Subway Searches: A View from New York

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8 Responses

  1. Mike says:

    Reports suggest that most New Yorkers … are willing, even happy, to comply…. That’s proof enough of reasonableness–the standard the Fourth Amendment requires.

    But if public approval is the benchmark of “reasonableness,” then why have a written Constitution? In theory, only those types of blanket searches that a majority of the public approves of would be implemented; and thus, there would be no need for a Fourth Amendment at all.

  2. Jason Mazzone says:

    The Fourth Amendment still protects individuals when government conducts searches that are not implemented following public pre-approval. It protects individuals when the government, in its particular execution of a search, goes too far–e.g. slams my head up against the wall when carrying out the search of my bags in the subway. It also provides for an after-the-search reassessment (e.g. by a jury) of whether the policy was in fact reasonable, given the additional information implementation has produced.

  3. Illusion of Security

    When the inevitable happens and the US is the victim of yet another terrorist attack, how many more civil liberties is Mr. Mazzone willing to give up in the name of perceived security?

  4. KipEsquire says:

    You’re still tiptoeing around the fact that this is a random, suspicionless search with total discretion by rank-and-file police. That is totally unheard of in America and every Fourth Amendment precedent, every single one, argues against it.

    The fact that these searches are, contrary to your assertion, totally ineffective doesn’t help matters.

    And the fact that you, or however many people, think that these searches are “no big deal” does not relieve you of the burden of reconciling them with precedents that unanimously suggest otherwise.

  5. Mike says:

    The Fourth Amendment still protects individuals when government conducts searches that are not implemented following public pre-approval.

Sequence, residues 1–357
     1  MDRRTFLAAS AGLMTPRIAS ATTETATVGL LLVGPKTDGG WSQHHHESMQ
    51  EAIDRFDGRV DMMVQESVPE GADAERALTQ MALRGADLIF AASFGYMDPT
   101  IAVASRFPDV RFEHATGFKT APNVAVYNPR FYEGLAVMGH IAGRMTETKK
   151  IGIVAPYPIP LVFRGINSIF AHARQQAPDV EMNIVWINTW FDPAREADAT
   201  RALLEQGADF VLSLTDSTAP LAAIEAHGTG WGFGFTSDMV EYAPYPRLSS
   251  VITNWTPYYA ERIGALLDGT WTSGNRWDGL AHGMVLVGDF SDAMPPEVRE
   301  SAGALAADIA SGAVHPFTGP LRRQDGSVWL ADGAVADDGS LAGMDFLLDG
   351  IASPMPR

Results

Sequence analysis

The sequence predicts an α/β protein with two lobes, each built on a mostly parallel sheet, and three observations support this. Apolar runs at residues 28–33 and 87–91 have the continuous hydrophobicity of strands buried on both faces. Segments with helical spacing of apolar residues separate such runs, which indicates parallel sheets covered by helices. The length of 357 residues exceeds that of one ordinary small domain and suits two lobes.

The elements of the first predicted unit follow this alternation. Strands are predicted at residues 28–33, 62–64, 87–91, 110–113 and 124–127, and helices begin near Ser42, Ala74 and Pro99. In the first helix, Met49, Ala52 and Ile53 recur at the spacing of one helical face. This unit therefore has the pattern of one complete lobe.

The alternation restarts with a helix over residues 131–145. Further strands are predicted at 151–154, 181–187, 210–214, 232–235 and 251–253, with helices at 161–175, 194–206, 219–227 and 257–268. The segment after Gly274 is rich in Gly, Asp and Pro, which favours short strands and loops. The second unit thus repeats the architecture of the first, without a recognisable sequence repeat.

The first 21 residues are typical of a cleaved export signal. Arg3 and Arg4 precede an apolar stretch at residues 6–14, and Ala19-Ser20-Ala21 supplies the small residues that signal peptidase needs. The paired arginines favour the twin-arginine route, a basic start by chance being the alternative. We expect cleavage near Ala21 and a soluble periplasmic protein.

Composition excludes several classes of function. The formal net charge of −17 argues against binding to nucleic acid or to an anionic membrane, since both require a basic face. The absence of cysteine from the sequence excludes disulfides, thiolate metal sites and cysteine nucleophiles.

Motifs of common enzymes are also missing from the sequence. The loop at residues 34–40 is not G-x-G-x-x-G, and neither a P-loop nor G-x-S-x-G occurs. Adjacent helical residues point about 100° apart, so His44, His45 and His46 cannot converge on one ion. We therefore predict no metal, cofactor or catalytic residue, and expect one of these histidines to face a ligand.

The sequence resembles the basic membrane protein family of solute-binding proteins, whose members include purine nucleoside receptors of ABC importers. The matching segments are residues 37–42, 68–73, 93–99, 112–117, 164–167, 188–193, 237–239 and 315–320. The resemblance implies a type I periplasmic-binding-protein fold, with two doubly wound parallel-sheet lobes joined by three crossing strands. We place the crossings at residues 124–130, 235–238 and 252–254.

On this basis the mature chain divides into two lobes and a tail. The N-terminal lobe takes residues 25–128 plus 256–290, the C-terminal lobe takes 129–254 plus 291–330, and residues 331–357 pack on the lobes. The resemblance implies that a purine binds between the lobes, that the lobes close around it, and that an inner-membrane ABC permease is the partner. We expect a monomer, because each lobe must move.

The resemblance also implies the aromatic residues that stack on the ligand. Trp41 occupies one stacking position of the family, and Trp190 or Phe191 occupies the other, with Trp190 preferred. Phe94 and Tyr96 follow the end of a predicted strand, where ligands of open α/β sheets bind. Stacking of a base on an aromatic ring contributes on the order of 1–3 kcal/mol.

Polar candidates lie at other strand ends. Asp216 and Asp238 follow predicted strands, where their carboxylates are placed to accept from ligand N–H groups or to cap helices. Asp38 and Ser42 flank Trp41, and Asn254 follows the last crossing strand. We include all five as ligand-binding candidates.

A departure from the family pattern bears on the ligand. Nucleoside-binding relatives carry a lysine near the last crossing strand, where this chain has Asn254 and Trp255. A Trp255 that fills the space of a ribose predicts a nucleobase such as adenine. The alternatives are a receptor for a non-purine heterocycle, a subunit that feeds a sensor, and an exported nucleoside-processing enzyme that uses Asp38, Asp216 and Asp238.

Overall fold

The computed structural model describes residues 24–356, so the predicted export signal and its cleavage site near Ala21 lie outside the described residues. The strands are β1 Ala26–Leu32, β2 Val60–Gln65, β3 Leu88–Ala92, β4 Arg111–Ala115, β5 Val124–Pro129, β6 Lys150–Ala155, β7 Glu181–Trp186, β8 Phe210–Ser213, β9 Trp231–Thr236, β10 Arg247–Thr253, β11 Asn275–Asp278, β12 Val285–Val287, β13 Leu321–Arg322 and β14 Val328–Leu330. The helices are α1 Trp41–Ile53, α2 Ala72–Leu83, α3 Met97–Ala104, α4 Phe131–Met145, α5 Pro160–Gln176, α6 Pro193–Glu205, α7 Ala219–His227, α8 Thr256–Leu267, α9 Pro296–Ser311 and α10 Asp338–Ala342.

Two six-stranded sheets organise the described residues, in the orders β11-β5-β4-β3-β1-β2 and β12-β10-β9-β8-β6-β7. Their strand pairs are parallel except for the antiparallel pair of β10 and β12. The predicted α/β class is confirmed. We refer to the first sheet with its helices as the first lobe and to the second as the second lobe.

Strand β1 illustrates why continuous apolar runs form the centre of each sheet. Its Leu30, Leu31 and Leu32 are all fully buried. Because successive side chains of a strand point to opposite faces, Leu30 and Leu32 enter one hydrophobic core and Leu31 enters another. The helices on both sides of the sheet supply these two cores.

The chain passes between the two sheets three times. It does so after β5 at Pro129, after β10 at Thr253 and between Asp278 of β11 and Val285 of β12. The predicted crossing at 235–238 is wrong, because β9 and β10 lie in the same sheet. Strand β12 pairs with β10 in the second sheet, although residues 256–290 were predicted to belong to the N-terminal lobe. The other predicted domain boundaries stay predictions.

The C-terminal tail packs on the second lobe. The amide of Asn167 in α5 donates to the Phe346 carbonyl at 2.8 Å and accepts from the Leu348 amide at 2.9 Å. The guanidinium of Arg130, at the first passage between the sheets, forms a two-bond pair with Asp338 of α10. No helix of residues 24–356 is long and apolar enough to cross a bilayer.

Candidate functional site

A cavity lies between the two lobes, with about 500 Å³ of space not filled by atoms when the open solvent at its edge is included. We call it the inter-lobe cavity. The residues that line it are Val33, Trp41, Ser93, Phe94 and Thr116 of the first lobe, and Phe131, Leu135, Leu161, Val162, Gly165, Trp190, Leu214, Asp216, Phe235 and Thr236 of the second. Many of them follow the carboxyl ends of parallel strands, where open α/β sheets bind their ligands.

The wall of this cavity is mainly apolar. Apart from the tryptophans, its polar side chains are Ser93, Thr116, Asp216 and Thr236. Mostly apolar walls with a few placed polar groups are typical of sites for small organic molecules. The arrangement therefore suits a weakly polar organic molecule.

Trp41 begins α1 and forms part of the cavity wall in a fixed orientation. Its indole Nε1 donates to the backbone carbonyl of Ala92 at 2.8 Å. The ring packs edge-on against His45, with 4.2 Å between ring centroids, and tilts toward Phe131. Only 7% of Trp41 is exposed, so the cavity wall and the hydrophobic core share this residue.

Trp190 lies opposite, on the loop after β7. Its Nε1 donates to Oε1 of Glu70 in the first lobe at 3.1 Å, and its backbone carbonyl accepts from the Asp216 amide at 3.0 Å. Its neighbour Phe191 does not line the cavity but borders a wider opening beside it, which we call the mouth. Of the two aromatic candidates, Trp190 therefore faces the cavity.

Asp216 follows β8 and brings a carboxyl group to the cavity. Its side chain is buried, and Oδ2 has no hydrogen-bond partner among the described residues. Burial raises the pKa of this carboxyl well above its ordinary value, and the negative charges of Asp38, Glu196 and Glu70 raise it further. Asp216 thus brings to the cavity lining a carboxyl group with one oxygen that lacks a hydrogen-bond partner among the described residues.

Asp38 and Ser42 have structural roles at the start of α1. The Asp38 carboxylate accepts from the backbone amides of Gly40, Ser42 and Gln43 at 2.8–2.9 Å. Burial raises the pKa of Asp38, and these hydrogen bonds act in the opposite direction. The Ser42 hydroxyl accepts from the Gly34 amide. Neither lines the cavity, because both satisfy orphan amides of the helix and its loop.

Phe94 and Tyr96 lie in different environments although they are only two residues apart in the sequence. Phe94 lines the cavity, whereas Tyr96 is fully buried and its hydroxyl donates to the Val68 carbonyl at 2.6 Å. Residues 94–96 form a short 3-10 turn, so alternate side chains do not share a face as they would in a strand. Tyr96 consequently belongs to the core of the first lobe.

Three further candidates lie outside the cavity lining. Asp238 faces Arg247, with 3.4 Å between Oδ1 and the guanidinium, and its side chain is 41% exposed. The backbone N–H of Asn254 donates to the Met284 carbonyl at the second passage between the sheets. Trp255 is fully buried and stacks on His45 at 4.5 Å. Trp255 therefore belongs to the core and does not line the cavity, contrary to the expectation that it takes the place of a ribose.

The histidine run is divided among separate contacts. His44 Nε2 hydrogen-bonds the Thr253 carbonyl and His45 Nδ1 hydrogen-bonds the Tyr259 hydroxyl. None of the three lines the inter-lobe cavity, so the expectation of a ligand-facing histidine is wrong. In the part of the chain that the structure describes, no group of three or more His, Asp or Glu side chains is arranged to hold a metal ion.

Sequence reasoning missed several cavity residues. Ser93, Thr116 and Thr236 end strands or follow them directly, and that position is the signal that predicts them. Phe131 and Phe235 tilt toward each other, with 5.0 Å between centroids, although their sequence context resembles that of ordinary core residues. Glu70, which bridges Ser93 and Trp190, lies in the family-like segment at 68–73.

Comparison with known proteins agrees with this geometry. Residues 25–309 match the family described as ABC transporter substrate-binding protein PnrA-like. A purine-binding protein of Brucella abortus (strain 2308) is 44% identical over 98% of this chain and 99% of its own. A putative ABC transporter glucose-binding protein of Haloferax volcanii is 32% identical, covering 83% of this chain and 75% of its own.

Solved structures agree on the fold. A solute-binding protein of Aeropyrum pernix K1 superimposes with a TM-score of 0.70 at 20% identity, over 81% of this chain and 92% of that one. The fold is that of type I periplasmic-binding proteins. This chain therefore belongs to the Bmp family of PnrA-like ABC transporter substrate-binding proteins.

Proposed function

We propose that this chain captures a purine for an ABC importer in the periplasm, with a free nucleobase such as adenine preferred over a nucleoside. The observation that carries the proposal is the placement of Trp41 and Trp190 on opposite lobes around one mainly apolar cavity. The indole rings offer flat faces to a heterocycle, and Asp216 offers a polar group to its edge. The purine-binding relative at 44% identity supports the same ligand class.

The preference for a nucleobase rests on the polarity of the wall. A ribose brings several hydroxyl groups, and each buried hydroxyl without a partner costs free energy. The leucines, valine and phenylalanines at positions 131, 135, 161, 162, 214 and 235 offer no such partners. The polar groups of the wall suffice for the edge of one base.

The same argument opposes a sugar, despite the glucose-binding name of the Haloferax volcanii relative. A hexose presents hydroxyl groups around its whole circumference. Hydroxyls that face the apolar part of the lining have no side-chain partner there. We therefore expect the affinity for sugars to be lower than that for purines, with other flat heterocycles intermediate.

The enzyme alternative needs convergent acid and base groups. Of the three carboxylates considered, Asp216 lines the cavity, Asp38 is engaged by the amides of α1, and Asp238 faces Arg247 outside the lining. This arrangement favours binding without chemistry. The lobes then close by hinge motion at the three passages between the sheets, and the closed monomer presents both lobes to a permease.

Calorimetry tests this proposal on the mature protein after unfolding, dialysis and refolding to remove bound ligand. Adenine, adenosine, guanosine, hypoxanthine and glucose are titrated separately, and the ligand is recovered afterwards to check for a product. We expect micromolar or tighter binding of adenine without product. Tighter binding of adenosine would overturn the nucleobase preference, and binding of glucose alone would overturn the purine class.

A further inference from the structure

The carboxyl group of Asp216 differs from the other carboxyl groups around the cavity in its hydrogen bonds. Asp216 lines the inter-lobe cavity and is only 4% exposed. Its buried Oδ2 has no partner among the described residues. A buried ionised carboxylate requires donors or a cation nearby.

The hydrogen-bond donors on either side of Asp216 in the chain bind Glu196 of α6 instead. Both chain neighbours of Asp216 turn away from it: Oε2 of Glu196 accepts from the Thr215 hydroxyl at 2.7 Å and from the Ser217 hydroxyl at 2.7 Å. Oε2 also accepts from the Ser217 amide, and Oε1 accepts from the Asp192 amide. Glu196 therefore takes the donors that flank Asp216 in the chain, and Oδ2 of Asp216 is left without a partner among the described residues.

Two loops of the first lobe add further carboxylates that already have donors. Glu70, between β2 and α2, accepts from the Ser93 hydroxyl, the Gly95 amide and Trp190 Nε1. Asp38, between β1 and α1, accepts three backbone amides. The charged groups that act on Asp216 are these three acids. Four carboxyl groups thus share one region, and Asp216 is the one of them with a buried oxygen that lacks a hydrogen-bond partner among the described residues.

So is it fair for me to state your view thusly: Public pre-approval of a method of searching or seizing persons, absent equal protection or other related issues, renders the search per se reasonable? That seems to be what you’re suggesting, but I don’t want to unfair characterize your argument.

    Indeed, there seems to be some tension, because in the above comment you note: “[The Fourth Amendment] protects individuals when the government, in its particular execution of a search, goes too far–e.g. slams my head up against the wall when carrying out the search of my bags in the subway.” What if the public pre-approves of such searches and seizures? Does that make them per se reasonable? Or are there other factors that need be weighed.

  6. Rational Security vs. Symbolic Security

    So much for concurring opinions . . . I’ve been attacked by not only one co-blogger, but two. Earlier on, I posted a critique of the court’s decision upholding the NYC subway searching policy against a Fourth Amendment challenge. Jason…

  7. Secondary Screenings on the Subways

    There’s a fine debate — ahh, hell, call it a mêlée — going on over at the malapropblog, Concurring Opinions. A recent decision upholding the legality of random searches of New York City subway passengers set off the infighting. Here’s…

  8. Secondary Screenings on the Subways

    There’s a fine debate — ahh, hell, call it a mêlée — going on over at the malapropblog, Concurring Opinions. A recent decision upholding the legality of random searches of New York City subway passengers set off the infighting. Here’s…